Maya Shapiro
Department of
Profile Research AN3630 AN4430

I have always been curious about how and why people move around the world, particularly when they are looking for work. Questions that have informed my ethnographic fieldwork among domestic and care workers in Tel Aviv, Israel and agricultural workers Ontario, Canada address how so-called temporary migrants who are not granted full citizenship, do dirty, dangerous and demeaning labour, and often live under the threat of deportation, nevertheless organize themselves socially and politically in ways that allow them to actively engage with states, governments and civil society in the “receiving” country.

I am especially interested in writing and teaching on the feminization of migration, most recently on the ways in which migrant women balance and integrate domestic work for their employers with the planning and managing of their own homes and families. While migrant women have always cared for their children transnationally, it is increasingly apparent that these women also become pregnant and raise children in the places to which migrate. In my doctoral research in Tel Aviv, I investigated how women from the Global South who became pregnant and gave birth in Israel, sought out healthcare, social services and political enfranchisement for themselves and for their undocumented children, despite policies that effectively illegalized sex, marriage and child-rearing among migrant workers in that context. I also observed and participated in activism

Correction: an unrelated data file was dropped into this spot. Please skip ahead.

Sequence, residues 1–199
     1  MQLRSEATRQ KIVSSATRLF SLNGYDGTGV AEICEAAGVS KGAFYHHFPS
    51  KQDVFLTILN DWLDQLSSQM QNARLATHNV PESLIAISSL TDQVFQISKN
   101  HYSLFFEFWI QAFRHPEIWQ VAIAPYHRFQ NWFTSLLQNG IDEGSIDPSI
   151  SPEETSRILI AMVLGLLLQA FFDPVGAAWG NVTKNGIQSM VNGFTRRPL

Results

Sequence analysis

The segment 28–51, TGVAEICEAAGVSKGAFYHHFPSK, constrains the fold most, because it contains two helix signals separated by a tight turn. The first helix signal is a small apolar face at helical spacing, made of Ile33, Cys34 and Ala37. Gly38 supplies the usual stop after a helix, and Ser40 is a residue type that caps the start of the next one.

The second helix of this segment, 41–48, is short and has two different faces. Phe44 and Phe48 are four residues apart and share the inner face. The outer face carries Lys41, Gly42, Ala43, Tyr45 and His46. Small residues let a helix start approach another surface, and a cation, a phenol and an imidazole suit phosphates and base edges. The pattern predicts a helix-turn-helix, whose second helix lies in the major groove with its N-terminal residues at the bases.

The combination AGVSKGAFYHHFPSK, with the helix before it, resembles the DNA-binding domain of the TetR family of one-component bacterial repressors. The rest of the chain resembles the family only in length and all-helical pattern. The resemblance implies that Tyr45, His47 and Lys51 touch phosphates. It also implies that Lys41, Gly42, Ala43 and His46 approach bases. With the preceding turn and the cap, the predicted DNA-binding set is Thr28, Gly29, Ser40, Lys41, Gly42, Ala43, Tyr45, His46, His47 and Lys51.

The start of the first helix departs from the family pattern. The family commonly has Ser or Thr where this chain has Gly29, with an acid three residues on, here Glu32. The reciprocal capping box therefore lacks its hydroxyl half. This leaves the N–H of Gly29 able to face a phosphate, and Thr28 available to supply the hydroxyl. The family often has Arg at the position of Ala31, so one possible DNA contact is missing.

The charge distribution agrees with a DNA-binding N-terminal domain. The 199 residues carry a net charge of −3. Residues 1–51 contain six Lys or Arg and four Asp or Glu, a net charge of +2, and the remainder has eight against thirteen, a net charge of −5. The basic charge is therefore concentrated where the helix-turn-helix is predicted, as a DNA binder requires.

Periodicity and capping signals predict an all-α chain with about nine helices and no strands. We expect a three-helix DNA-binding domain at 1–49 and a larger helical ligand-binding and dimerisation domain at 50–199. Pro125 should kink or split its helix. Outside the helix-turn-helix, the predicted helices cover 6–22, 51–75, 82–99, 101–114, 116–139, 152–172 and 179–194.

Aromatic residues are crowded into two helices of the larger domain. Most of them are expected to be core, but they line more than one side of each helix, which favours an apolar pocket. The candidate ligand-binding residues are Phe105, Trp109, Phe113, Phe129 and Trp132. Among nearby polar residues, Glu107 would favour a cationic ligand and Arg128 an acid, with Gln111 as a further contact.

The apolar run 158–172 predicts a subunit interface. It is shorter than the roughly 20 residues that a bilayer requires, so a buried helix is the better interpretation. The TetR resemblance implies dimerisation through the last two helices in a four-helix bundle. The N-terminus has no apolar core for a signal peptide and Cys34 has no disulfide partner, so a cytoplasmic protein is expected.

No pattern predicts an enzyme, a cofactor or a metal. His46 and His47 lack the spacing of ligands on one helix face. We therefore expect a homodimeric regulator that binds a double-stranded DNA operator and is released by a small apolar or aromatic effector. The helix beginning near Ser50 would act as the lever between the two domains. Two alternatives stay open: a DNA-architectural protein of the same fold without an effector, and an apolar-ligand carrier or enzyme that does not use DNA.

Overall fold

among Israeli citizens who sought to humanize migrants and struggle for their rights.

This research has inspired further theoretical and empirical exploration of both the ways in which historic and current governments attempt to regulate the intimate lives of society’s most marginalized residents, and the ways in which these residents and their allies use tropes of intimacy to popularize their cause and to activate social change.






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